Most mornings I would wake up to get ready for the day and I would be sick. I wasn’t trying to make myself sick, but I couldn’t help it. It was only ever water and phlegm that would come up, but it meant that I didn’t want to eat a lot of the time, and it made me even more anxious and stressed. Sometimes I wouldn’t even be sick right away and I would be walking to university early in the morning for training, when I felt the overwhelming urge to be sick and I was sick in a hedge.

My first rowing session 

Myself with some of the other fresher girls

After this happened a couple of times I chose to tell my parents. The longer this went on the more homesick I felt. When I realised that this wasn’t going away I talked to a friend at university who I met through DUBC and my parents about it more who urged me to make a doctors appointment and see what help I could find at the university. It turned out that I was being sick because of excess stomach acid due to stress and anxiety. This was in part caused by my homesickness. I reached out to the university counselling department who were able to get me an assessment appointment the next week. Unfortunately, I did have to wait a few weeks before I could have regular meetings however in the meantime they were able to point me in the direction of the peer support system. I was paired with a student on a similar course in the year above and we would get coffee once a week together. I had plenty of other friends, even some who knew what I was going through but this scheme was really nice as I was able to talk guilt free, in a relaxed environment about what I was missing from home, why I loved being at university and yet at the same time how it made me so stressed and depressed.

Every aspect of rowing helped me get through and move on from all of this. I feel so much better than I did but that experience will always stay with me. I’m not fixed or cured, and I still get overly stressed and anxious sometimes but I know myself better because of this experience including how to cope with the low days and to enjoy the better days even more. For me exercise helps, gives me something to do but also I have found that reaching out to people and even just having a coffee or messaging someone ‘hi’ can help and before you know it the low days are less and the high days are more and more frequent.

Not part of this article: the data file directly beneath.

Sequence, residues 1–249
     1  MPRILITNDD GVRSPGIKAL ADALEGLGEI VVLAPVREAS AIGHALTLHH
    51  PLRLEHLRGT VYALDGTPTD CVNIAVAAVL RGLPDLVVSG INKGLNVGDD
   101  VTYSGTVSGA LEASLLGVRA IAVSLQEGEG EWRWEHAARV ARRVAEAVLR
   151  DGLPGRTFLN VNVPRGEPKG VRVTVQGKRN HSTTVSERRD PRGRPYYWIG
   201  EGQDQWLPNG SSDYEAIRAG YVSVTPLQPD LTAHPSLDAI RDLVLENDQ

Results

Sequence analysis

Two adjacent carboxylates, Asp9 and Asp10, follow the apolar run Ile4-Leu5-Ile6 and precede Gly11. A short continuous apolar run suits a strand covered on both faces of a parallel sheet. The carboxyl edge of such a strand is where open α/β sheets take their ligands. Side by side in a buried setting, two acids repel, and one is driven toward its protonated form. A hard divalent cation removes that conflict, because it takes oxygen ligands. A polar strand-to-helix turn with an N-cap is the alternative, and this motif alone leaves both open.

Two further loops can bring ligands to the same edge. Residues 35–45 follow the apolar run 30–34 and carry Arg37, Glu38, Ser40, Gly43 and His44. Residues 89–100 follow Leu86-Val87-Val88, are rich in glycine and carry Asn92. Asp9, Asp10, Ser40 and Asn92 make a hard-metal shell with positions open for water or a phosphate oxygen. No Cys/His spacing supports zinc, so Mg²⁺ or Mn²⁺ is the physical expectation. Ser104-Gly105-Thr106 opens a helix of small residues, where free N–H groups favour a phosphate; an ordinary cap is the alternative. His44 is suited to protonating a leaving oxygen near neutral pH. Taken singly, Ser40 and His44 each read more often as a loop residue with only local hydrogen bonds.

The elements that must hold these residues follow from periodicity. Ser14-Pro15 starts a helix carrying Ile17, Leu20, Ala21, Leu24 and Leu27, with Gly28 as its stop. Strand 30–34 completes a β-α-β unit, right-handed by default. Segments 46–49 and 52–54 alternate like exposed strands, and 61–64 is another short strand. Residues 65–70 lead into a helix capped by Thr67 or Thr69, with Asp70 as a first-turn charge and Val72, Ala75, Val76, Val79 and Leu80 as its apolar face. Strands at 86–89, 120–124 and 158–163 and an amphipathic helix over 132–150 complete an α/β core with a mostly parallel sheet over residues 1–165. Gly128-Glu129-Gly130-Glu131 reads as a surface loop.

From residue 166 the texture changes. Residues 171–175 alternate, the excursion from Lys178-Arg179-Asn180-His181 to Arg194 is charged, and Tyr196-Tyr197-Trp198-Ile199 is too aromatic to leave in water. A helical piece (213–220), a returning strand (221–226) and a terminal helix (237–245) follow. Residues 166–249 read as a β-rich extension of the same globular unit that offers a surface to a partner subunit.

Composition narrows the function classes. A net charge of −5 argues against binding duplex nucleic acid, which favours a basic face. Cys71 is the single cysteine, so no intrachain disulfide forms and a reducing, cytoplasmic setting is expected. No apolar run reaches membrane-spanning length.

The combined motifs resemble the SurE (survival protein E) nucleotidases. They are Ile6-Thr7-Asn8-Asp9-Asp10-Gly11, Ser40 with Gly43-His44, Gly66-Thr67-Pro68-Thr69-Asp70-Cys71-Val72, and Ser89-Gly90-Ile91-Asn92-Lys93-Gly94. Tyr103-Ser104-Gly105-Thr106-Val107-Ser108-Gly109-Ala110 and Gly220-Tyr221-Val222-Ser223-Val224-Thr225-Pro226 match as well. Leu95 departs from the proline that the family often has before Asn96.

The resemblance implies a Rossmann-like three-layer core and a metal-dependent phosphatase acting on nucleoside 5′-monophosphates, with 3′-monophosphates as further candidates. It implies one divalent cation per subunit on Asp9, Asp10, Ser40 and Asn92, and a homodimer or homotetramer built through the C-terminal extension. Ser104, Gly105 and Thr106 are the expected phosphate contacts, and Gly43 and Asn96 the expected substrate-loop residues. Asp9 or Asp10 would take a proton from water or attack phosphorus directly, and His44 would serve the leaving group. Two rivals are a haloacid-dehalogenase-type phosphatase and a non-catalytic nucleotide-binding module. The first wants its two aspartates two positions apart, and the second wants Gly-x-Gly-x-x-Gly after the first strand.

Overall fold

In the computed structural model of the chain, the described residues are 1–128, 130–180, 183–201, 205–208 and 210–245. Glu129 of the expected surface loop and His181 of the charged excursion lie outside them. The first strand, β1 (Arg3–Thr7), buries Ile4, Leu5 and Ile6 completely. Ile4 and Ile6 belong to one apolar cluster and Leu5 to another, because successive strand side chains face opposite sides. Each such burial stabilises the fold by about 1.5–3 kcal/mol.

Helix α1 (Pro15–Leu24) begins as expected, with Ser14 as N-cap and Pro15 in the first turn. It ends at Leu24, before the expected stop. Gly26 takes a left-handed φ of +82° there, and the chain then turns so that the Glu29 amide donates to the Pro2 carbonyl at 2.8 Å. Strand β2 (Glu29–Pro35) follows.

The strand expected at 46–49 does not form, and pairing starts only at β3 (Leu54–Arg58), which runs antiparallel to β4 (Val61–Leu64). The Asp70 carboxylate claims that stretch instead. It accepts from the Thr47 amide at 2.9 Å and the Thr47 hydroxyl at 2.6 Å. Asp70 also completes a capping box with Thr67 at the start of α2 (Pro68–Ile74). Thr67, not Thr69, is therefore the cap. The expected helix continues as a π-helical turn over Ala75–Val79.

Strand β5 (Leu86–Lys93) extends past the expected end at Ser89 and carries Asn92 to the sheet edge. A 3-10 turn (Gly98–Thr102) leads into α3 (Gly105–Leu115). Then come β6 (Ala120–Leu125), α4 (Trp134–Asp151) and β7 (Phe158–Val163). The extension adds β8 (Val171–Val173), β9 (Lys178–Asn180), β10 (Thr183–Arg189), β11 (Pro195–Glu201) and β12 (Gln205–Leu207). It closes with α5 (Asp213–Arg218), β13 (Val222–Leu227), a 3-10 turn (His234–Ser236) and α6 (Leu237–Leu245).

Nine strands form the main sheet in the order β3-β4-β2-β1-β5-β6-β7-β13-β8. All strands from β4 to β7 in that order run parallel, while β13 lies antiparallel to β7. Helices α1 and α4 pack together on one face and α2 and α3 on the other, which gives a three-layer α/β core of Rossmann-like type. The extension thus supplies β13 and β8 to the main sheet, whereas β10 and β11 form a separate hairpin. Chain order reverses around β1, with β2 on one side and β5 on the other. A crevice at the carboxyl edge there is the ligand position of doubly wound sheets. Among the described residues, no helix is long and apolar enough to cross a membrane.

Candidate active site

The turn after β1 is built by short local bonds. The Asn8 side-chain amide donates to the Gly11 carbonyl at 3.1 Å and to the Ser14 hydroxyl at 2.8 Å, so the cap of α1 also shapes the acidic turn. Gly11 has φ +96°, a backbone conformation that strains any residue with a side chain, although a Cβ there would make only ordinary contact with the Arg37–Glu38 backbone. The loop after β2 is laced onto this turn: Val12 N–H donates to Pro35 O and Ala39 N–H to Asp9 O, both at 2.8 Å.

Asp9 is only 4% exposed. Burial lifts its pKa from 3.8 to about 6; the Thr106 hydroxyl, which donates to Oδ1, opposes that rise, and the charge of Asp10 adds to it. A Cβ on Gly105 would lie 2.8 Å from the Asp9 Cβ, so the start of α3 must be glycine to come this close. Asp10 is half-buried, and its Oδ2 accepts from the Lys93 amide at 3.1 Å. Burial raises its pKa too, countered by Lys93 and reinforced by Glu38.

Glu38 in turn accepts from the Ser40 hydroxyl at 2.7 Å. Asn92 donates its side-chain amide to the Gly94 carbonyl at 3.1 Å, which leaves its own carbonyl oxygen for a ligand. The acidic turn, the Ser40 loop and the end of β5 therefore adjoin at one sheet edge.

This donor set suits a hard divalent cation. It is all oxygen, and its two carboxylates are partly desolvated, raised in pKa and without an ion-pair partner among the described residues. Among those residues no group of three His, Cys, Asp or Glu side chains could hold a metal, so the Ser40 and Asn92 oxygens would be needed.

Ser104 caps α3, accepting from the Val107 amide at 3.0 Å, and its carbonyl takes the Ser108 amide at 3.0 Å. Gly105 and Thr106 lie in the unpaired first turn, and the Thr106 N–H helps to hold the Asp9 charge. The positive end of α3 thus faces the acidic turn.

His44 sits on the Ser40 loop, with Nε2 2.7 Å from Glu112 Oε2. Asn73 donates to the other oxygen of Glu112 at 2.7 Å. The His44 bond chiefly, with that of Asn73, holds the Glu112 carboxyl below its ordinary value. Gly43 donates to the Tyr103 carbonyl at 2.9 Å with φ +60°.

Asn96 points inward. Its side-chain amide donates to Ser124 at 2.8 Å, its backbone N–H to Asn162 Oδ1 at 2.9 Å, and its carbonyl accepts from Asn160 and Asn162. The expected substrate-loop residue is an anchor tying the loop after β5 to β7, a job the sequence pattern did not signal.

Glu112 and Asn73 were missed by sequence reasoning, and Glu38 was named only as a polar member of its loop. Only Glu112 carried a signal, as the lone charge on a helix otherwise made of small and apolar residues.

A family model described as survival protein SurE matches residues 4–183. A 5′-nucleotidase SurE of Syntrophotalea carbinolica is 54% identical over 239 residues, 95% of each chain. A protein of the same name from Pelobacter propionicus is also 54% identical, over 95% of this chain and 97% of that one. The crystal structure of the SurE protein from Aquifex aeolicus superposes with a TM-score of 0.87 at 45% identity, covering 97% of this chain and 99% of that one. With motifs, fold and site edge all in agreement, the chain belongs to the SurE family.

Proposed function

The main reason I was getting out of bed and continuing with my day was because of the people at DUBC and the encouragement and support I had to train, even on my hardest days. DUBC kept me busy. I signed up for every training session that I could and throw myself into the training plan as it took up my time. The time that I spent being surrounded by people and being in the fresh air or sweating on an erg made me feel so much better and took my mind off of the things that were making me feel stressed and anxious.

Please donate to the (almost...) Ergathon fundraiser for Dundee based mental health charity Feeling Strong and essential club equipment: